An Outspoken Man

Linus Pauling. 1940s.

Linus Pauling. 1940s.

“Do you think that an American who insists on making up his own mind, who objects to being told what to do, to being pushed around by officious officials, is thereby made un-American? I do not. I think that he is being more American than people who do not object.”
– Linus Pauling. Letter to the Board of Regents, University of Hawaii. March 30, 1951.

Before embarking on his multi-decade long crusade for world peace, Linus Pauling began to address injustices on a decidedly more local level.

December 8, 1941 was a memorable day on the normally quiet Caltech campus. That morning, the campus was bristling with military vehicles manned by the National Guard troops. The Caltech registrar, an officer in the National Guard, had called them in to “defend” the Caltech campus. Notices were posted for an emergency convocation at 10:00 a.m. in Culbertson Hall and students were drafted to guard doors not manned by the National Guard and armed with pick axe handles.

Classrooms were empty and groups were listening to the radio and discussing the evolving news coming from Pearl Harbor. At 10 a.m. we dutifully assembled in Culbertson Hall where our registrar, in full National Guard uniform complete with pistols, gave a most intemperate speech about the dastardly “Japs” that would have done credit to any American Legion hall that day.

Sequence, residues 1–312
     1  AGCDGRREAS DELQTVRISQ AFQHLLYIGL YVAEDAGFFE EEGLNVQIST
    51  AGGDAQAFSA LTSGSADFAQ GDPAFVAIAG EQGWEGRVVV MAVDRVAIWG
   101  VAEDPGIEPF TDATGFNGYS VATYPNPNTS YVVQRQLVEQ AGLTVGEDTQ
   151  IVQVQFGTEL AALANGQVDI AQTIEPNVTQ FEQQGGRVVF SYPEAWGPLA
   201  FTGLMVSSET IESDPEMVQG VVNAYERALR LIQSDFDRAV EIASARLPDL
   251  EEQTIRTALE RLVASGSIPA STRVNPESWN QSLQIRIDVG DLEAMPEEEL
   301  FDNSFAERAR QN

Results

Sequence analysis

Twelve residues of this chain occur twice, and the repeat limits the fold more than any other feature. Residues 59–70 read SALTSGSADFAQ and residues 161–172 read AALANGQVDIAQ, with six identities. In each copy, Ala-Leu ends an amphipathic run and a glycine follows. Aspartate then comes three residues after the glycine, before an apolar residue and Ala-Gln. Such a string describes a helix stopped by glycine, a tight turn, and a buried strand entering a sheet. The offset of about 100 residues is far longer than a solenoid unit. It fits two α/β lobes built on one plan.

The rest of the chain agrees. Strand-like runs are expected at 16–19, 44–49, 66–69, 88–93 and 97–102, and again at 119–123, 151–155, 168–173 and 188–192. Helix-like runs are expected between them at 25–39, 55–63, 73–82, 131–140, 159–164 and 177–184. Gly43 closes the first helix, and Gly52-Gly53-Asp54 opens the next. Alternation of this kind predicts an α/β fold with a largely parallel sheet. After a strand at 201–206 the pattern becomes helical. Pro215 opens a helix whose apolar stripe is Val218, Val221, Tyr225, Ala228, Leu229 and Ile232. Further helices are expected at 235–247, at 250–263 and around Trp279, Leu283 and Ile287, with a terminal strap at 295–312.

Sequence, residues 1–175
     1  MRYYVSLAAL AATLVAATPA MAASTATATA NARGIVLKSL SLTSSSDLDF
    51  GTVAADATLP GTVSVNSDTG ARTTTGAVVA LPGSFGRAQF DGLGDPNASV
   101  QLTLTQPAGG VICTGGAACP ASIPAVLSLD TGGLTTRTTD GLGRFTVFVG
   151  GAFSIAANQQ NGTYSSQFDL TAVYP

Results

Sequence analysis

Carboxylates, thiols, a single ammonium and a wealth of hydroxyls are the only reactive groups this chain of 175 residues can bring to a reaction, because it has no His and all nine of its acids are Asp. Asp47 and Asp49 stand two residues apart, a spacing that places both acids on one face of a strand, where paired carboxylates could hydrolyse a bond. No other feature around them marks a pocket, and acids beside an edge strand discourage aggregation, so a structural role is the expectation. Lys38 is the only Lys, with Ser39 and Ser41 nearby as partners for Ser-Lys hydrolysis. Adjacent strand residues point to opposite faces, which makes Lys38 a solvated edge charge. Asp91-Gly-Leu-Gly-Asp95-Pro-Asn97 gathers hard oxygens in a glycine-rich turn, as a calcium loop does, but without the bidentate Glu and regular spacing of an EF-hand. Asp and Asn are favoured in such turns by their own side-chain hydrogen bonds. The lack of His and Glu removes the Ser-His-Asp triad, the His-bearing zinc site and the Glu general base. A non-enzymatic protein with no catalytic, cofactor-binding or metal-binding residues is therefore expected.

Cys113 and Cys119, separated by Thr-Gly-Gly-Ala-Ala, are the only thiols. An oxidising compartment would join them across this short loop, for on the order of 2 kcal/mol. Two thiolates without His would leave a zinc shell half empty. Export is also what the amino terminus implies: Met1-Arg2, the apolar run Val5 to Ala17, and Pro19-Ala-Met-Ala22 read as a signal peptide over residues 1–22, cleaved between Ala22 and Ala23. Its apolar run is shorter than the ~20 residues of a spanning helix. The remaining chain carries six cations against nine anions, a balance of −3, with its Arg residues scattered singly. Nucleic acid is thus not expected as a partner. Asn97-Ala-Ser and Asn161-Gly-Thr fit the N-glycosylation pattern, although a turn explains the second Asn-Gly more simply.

Linus Pauling was standing in the back of the hall as he had come in late and interrupted the speech by bursting out with the question “By what authority have you called this impromptu convocation?” He then proceeded to remind the registrar that Caltech was known for being a place of thoughtful and factual reason but the registrar had turned it into a place of pure hysteria. The student body stood up and clapped for Linus. The registrar dismissed the meeting and retreated in some disarray. For many of us, Linus won his Nobel Peace Prize that day!

(Doug Strain, 2000, as quoted in Mead, Clifford and Thomas Hager. Linus Pauling: Scientist and Peacemaker. Corvallis: Oregon State University Press, 2001. 251. [Now available in paperback])

Following the bombing of Pearl Harbor, the Paulings worked to aid Japanese-Americans unfairly persecuted by their community and their government. In response, the Pauling home was vandalized and the family threatened. Later in life, as a result of his activism on behalf of a variety of peace efforts, Pauling would be publicly attacked as a Communist and a traitor. Despite the incendiary accusations thrown his way, throughout his life Pauling consistently acted on his own personal beliefs. His convictions eventually resulted in his receipt of the 1962 Nobel Peace Prize, making him the only individual in history with two unshared Nobel prizes.

For more information, please visit the OSU Libraries Special Collections homepage.

One Response

  1. […] perspective on issues of peace and civil liberties. (This older post of ours, titled “An Outspoken Man,” relies heavily on Strain’s recounting of Pauling’s response to the […]

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